“I do believe if we go down this route for the Northwest Open Space, it will be able to increase accessibility,” Reeve said, later adding: “I think it’s very important for this council, for a number of reasons, to further explore and cooperatively work with private investment to increase resident accessibility, to help cure our structural deficit.”
About 30 individuals signed up to speak on the matter, many of whom shared similar sentiments to Maryott’s.
Shawna Shaffner, a local resident of 40 years and a land use planner, said she was 11-years old when Measure D passed. Though she wasn’t old enough to vote at that time, she helped pass out fliers encouraging voters to pass the bond measure.
“I, unfortunately, think the city has missed the mark a little bit here tonight,” she told the council during the public comment portion. She added that “Measure D was intended to protect against commercial development.”
“I would request that council provide staff with the very clear direction: Number one, our open space is not for sale, should not be for sale and any mention of that should be struck from any future staff reports,” she also said.
A hand handful of other speakers did express interest in utilizing the land, including San Juan resident Cody Martin, who has advocated for the city-approved skatepark. He encouraged the council to consider the proposals as it would send a message that the city is business friendly.
“I do believe our open space plays a very open role in the small-town feel of San Juan Capistrano. While we must protect our open space we must also use our open space,” Martin said. “We live in one of the most beautiful cities in the world and it’s sad to see such a beautiful plot of land do nothing.”
Spirit of the Measure
Citing language from the bond measure, Bourne said that it’s meant to allow for the development of facilities for the youth, seniors and community.
“So, I don’t think it’s fair to say that this language had in mind that we were going to buy this land and never put a shovel in it,” Bourne said. ‘I don’t think that’s consistent with the language we’re looking at.”
Maryott said he has opposed the use of the land for “quasi-commercial” development because it would go against the purpose of the bond measure.
Completing Putuidem “can absolutely be done,” Maryott said. “It doesn’t have to be done by opening this space for commercial development.”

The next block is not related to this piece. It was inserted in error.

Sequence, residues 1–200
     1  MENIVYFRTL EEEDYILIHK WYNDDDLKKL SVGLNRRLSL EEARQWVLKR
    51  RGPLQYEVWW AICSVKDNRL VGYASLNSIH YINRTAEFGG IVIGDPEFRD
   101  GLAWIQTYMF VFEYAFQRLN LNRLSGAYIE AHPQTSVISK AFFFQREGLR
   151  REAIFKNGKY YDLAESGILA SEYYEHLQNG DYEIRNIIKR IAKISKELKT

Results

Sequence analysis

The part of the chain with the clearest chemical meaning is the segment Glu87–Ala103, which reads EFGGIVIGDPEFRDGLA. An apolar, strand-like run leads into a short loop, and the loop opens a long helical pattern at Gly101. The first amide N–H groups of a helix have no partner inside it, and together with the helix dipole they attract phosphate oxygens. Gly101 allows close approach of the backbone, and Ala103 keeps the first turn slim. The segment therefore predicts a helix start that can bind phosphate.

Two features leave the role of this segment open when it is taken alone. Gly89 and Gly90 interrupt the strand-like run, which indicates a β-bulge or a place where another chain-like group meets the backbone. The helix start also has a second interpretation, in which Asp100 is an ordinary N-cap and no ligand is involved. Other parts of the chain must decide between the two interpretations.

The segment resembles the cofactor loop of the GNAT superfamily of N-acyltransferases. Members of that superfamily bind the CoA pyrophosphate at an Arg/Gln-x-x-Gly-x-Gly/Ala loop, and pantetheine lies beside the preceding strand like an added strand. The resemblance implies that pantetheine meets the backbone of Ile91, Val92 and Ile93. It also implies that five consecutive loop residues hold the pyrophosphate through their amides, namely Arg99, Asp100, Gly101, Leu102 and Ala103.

Maryott also stated when he stated that the city is not broke and the community shouldn’t view this matter just as an opportunity to increase coffers.
“We are not broke, folks,” he added. “We have very healthy reserves, we’re going to balance our budget.”
In the Zone
According to the city, an owner of property adjacent to the Northwest Open Space approached the city about leasing the land back in 2017. The council initiated a request for proposals (RFP) for the potential lease of about 22 acres of the land and received 11 offers.
The proposals were narrowed down to three, which included Red Tail’s project, the Capistrano Vineyard and a bid from Metro Commercial Realty, which was later withdrawn, to develop a multi-purpose sports and community park.
Currently, the Northwest Open Space is classified for General Plan land use a “community park” zone. Should the city’s negotiations over the glamping site prove fruitful, Red Tail would need to request a zoning change from “community park” to “open space recreation,” both of which fall under the umbrella of General Plan Open Space Land Use.
The city’s municipal code requires voter approval on a zoning change request from General Plan Open Space to any other designation. However, the city notes that this situation wouldn’t fall under that requirement since only the land use classification would change and not the General Plan designation.
Assistant City Manager Jacob Green said city staff is expected to put forth the Exclusive Negotiating Agreement (ENA) before the council for approval by April.
“The ENA will establish a period during which the parties can assess the viability of the proposed project and negotiate the terms of a lease agreement,” he said in an email. “Approval of the ENA does not bind the city in any way to a specific project or future lease of the property.”